Wanatjura Lewis worked on the Uti Kulintjaku program and app. (Supplied: NPY Women’s Council)
On a warm Alice Springs morning, Wanatjura Lewis closes her eyes, puts in some headphones and gets ready to relax and meditate.
- Women from the NPY Women’s Council collaborated with the team behind Smiling Mind to create the app
- It combines the skills of traditional healers with interpreters and western mental health professionals to improve wellbeing
- The app is being trialled in remote Central Australian schools
She is listening to an ancient language that is being put to a very modern use.
Teaming up with the producers behind mindfulness app Smiling Mind, women from Central Australia’s NPY Women’s Council have helped create recorded meditations in Kriol, Ngaanyatjarra and Pitjantjiatjara languages.
The aim is to help combat mental health and trauma issues in Aboriginal communities, particularly among young people.
“This is for them, our families, to learn about all of these things that will help them look after themselves and keep them healthy in body and mind,” the council’s Nyumiti Burton said through an interpreter.
“We made this for our children, so their thinking could become clearer.”
The meditations have already been downloaded thousands of times and are also being trialled in schools across the APY lands in remote South Australia.
Mixing the new with the old
The app features singing, meditation and breathing exercises.
It’s the latest project created through the council’s Uti Kulintjaku wellbeing and mental health program — the title translates to “to think and understand clearly”.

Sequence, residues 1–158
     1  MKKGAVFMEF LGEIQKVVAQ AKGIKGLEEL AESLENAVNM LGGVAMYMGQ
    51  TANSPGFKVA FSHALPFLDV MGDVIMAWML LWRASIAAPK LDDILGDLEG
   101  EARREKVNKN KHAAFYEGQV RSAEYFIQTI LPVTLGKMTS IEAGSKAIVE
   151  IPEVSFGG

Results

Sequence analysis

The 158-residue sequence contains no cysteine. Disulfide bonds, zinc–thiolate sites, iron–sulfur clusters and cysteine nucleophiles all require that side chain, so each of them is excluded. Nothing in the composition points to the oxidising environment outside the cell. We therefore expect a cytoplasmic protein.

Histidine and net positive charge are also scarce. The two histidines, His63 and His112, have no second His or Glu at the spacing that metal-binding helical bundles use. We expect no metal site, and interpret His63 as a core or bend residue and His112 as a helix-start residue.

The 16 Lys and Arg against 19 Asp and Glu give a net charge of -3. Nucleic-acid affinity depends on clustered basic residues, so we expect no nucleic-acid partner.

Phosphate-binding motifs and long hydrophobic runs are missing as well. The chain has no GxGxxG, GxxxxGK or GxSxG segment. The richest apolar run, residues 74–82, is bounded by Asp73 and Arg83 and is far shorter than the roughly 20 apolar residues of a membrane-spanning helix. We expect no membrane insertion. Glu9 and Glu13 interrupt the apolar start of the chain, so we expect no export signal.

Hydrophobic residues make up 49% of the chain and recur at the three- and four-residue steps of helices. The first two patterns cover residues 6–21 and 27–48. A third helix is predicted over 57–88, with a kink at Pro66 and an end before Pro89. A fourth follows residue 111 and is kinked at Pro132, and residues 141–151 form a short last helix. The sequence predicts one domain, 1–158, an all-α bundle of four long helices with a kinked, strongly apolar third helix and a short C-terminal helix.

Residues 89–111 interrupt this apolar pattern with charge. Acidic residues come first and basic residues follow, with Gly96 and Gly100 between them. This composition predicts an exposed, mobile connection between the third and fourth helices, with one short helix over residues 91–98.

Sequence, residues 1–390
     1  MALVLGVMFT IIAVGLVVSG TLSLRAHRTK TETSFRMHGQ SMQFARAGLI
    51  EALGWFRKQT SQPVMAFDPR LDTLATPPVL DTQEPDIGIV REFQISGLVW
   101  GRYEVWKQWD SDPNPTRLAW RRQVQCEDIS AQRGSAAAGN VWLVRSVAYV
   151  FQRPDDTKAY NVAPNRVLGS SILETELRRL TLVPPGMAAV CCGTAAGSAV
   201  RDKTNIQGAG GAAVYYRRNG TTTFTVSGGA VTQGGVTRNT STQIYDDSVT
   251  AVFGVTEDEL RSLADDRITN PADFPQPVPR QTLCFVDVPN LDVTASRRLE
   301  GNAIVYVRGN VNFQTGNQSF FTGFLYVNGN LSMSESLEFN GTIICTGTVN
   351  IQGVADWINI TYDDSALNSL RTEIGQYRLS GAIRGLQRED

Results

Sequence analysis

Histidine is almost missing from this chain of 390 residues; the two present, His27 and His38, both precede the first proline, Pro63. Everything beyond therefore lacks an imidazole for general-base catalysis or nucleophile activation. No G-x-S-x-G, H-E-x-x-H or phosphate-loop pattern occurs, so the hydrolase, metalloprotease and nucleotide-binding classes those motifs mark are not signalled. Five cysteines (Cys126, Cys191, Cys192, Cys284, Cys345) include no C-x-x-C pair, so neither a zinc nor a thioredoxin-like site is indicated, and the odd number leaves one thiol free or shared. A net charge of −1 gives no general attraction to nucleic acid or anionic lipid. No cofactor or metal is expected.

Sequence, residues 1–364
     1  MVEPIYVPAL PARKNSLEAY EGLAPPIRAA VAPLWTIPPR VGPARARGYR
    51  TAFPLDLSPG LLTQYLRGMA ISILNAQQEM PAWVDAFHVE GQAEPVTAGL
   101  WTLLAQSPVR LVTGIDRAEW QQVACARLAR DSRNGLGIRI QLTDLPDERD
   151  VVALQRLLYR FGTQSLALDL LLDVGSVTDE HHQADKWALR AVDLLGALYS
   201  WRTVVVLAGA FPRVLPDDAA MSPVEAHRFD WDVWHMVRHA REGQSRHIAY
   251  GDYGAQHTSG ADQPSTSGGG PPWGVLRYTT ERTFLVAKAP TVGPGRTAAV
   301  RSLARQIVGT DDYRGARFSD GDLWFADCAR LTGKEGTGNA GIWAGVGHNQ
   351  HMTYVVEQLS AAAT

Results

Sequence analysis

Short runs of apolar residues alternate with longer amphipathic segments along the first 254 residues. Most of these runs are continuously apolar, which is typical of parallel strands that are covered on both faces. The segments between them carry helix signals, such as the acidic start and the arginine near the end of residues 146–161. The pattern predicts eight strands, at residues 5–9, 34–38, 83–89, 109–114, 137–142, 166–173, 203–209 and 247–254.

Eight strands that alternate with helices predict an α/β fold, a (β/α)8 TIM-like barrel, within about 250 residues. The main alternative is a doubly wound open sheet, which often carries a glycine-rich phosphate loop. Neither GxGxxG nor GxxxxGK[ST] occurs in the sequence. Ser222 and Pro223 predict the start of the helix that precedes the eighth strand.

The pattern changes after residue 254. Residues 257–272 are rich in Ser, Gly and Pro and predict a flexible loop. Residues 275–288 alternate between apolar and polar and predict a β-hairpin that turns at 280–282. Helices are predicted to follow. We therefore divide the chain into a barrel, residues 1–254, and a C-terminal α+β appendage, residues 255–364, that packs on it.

Rene Kulitja listens to meditations she helped create, available in Ngaanyatjarra, Pitjantjiatjara and Kriol. (Supplied: NPY Women’s Council)
It combines the skills of ngangkari, or traditional healers, with interpreters and western mental health professionals to improve mental health literacy and wellbeing.
“We realised that we didn’t know any of the ways that western medicine thinks about a lot of things,” Ms Burton said.
“We were working with doctors who started to explain terms like mental health, and they talked to us about trauma, and we had no understanding of that in the way that they did.”
Ms Burton said the program has helped develop her understanding of those concepts and allowed her to share them with others when they are dealing with conflict or stress.
“Now I say to [family members] ‘I think maybe you’re getting upset about something that’s in the past, it happened ages ago and there’s different ways to deal with it’,” she said.
“I explain some of the things I understand now to them and it seems to help people think about things in a different way.”
Bringing traditional healing to millions
Fellow NPY council member Rene Kulitja from Mutitjulu said transferring the physical healing process into a compact app was not as difficult as it might seem.
“We know a lot about how to deal with things when they might seem hard,” Ms Kulitja said.
The Smiling Mind user base numbers around three million people.
Chief executive Addie Wootten said the collaboration with the NPY Women’s Council had been smooth and inspiring.
“I was really excited to work with the ngangkari, the women in the program, to really try and understand how mindfulness could be translated into their language in a culturally appropriate way,” said Dr Wootten.
She said the company had been contacted by other communities wanting to do something similar.